Hovden Lab: Real-time, nanoscale view of what makes nacre so tough

Nacre is an extremely resilient biomaterial that has baffled scientists and engineers decades. New visual evidence captured by University of Michigan researchers reveals the mechanisms that give nacre its toughness.

The basics about nacre have been known for decades—it’s made of microscopic “bricks” of a mineral called aragonite, laced together with a “mortar” made of organic material. This bricks-and-mortar arrangement clearly lends strength, but nacre is far more resilient than its materials suggest.

Using tiny piezo-electric micro-indenters, the U-M led team was able to exert force on the shells while under an electron microscope and watch what happened in real time.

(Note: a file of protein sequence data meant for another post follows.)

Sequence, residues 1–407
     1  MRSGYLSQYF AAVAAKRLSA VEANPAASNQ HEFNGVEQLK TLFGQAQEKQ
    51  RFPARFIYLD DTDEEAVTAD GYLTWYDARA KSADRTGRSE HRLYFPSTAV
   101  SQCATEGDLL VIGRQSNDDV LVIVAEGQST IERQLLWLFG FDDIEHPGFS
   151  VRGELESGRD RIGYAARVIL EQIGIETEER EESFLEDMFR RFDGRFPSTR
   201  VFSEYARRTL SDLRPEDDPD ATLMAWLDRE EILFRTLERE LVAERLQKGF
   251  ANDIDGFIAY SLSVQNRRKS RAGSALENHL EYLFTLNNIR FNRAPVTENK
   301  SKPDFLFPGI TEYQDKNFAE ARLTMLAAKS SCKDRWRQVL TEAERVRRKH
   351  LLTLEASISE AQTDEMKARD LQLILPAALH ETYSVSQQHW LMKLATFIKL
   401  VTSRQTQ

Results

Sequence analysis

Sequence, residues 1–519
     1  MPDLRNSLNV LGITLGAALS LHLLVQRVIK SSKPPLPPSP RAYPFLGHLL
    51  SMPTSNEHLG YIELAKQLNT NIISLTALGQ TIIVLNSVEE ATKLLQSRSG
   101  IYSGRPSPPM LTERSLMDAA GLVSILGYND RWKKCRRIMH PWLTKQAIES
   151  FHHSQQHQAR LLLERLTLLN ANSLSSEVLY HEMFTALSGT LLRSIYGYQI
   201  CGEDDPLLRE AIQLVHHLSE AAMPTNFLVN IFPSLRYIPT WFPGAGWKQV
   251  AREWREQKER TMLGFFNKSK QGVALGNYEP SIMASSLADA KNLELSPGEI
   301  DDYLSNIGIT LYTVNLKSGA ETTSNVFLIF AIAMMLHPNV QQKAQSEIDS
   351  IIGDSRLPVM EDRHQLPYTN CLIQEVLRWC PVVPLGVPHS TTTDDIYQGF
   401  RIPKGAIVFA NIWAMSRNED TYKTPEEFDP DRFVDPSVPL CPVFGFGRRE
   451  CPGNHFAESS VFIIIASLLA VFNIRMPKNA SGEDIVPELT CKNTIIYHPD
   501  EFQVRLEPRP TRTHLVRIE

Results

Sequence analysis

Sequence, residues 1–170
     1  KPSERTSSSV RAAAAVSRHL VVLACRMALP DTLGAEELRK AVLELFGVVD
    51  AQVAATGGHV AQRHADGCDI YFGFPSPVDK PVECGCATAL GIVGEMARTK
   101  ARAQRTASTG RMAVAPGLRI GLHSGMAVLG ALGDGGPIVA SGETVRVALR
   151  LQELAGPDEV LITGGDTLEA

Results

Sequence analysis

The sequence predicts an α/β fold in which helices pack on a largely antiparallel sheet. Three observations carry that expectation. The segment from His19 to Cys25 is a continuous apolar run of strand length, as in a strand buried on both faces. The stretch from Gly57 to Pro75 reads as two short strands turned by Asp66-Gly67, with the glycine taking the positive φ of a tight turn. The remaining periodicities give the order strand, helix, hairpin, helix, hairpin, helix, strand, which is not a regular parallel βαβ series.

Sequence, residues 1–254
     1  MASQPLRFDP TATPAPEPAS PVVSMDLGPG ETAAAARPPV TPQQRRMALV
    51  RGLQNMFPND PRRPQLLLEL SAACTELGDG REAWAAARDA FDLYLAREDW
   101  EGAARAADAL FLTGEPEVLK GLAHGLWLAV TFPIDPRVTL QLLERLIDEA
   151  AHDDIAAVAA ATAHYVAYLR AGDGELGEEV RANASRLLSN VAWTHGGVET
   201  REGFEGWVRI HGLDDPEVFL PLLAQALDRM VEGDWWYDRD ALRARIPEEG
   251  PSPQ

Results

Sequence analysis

They found that the “bricks” are actually multi-sided tablets only a few hundred nanometers in size. Ordinarily, these tablets remain separate, arranged in layers and cushioned by a thin layer of organic “mortar.” But when stress is applied to the shells, the “mortar” squishes aside and the tablets lock together, forming what is essentially a solid surface. When the force is removed, the structure springs back, without losing any strength or resilience.

The research was led by Robert Hovden, assistant professor of materials science and engineering, with Jiseok Gim, materials science and engineering PhD candidate, as the study's lead author.

Their paper, titled, “Nanoscale deformation mechanics reveal resilience in nacre of pinna nobilis shell," was published in Nature Communications: http://dx.doi.org/10.1038/s41467-019-12743-z